Molecular dynamics (MD) is a computer simulation method for studying the physical movements of atoms and molecules. The atoms and molecules are allowed to interact for a fixed period of time, giving a view of the dynamical evolution of the system. In the most common version, the trajectories of atoms and molecules are determined by numerically solving Newton’s equations of motion for a system of interacting particles, where forces between the particles and their potential energies are calculated using interatomic potentials or molecular mechanics force fields. The method was originally developed within the field of theoretical physics in the late 1950s [1][2][3] but is applied today mostly in chemical physics, materials science and the modelling of biomolecules.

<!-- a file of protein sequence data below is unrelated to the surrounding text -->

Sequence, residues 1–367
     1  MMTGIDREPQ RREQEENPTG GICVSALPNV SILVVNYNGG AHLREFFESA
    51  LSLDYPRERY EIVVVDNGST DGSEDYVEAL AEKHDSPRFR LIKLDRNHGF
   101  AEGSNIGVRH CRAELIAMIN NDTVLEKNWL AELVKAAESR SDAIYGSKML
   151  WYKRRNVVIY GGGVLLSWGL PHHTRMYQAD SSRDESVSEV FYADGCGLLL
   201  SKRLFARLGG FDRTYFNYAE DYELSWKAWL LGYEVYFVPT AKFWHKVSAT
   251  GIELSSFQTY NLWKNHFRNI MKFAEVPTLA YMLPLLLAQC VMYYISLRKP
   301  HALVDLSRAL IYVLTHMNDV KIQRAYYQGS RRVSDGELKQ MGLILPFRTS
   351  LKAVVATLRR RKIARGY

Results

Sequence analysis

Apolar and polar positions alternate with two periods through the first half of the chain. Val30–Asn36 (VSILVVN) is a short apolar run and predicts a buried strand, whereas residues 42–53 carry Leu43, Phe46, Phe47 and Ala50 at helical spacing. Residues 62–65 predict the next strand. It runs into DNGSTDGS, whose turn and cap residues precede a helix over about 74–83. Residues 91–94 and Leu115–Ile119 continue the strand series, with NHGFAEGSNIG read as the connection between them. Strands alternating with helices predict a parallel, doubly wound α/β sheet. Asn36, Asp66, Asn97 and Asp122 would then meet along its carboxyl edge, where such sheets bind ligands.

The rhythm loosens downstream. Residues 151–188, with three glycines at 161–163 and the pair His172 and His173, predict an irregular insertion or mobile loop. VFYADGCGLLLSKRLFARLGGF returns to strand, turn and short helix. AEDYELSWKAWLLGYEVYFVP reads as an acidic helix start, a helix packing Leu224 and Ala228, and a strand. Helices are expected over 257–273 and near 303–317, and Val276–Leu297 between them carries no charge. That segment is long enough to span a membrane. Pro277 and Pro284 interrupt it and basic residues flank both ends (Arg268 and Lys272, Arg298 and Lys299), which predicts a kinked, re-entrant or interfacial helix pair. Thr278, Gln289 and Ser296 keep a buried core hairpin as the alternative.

1. Fermi E., Pasta J., Ulam S., Los Alamos report LA-1940 (1955).
  2. Alder, B. J.; Wainwright, T. E. (1959). “Studies in Molecular Dynamics. I. General Method”. J. Chem. Phys. 31 (2): 459. DOI.
  3. Rahman, A. (19 October 1964). “Correlations in the Motion of Atoms in Liquid Argon”. Physical Review. 136 (2A): A405–A411. Bibcode:1964PhRv..136..405R. DOI.